NEW YORK (AP) — Best Buy says it laid off 5,000 full-time store workers earlier this month, even as the company’s sales soared during the pandemic as homebound people bought laptops, TVs and other gadgets. The company said it cut the jobs because more shoppers are choosing to buy online instead of shopping at its stores. Best Buy said it will replace the 5,000 full-time employees with 2,000 part-time workers. Best Buy’s workforce has shrunk in the last year after having to furlough workers when it closed stores during the pandemic. It currently has more than 100,000 workers, down by 21,000, or 17%, from the year before.


U.S. pizza sales, booming in pandemic, start to slow

ANN ARBOR, Mich. (AP) — After a pandemic-fueled boom, U.S. pizza sales appear to be headed back to earth. Domino’s and Papa John’s pizza chains both said Thursday that their same-store sales lost steam in the fourth quarter compared to the huge increases they saw earlier in 2020. That slowdown is expected to continue well into this year. Pizza delivery remains popular, but diners’ choices are expanding, with more restaurants now offering delivery. Pizza could also be pressured as the pandemic eases and dining rooms reopen.


Debate amid pandemic: Should foundations have to give more?

NEW YORK (AP) — The viral pandemic wiped out jobs and businesses and left many U.S. families unable to afford food. And it’s sparking debate over a divisive question: Should philanthropic groups donate more to charities? Should they be forced to? Chuck Collins, a director of a progressive think tank, thinks the government should compel foundations and donor-advised funds to step up contributions. Collins and others have put their weight behind a proposal for Congress to require these groups to contribute at least 10% of their investment assets each year for three years. It’s far from clear, though, that his proposal can gain enough support to make it through Congress. Even some leading philanthropists favor more modest steps.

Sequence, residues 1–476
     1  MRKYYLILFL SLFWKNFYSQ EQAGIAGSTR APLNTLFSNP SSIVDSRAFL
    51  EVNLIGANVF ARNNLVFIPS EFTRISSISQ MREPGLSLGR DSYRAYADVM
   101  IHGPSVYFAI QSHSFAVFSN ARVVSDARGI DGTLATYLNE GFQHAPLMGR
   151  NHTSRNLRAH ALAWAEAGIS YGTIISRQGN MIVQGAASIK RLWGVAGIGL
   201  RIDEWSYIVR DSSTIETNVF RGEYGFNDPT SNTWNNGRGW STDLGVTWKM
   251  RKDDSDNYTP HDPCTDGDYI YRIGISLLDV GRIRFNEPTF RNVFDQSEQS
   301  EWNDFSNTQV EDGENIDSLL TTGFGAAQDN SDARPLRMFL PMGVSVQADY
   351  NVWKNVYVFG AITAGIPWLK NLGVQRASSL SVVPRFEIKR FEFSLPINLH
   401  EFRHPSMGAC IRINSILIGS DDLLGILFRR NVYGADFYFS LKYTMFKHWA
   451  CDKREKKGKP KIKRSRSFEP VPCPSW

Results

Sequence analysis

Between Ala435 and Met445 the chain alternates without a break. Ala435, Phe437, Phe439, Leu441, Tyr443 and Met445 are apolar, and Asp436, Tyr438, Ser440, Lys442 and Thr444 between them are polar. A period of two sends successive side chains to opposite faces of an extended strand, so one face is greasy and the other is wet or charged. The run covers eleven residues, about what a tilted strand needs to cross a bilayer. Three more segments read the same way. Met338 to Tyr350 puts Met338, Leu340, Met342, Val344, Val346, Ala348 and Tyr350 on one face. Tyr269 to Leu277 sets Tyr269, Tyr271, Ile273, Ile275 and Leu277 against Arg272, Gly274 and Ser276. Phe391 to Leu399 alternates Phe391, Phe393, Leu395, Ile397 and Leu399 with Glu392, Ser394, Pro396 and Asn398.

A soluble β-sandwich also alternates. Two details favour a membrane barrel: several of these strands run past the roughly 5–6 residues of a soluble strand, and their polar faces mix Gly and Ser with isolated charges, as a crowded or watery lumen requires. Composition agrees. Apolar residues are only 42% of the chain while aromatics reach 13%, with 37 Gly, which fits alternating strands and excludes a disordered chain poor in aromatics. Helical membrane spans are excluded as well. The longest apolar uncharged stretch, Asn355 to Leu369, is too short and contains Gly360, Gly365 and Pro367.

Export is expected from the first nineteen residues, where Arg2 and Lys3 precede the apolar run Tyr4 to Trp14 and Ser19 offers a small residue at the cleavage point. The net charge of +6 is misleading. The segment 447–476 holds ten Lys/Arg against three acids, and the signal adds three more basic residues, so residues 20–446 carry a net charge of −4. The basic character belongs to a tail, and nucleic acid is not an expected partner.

Digital exchange Coinbase takes a step toward going public

UNDATED (AP) — Digital currency exchange Coinbase is looking to become a publicly traded company, a move being hailed by some as a start to helping cryptocurrency gain more mainstream acceptance. Coinbase Global Inc., in a filing with the Securities and Exchange Commission, is seeking a direct listing, which would allow company workers and investors to convert their stakes into stock.


A mister no more: Mr. Potato Head goes gender neutral

NEW YORK (AP) — Mr. Potato Head is no longer a mister. Hasbro, the company that makes the potato-shaped plastic toy, is giving the spud a gender-neutral new name: Potato Head. The change will appear on boxes this year. Toy makers have been updating their classic brands to appeal to kids today. Barbie has shed its blonde image and now comes in multiple skin tones and body shapes. Thomas the Tank Engine added more girl characters. And American Girl is now selling a boy doll. Hasbro said Mr. Potato Head, which has been around for about 70 years, needed a modern makeover.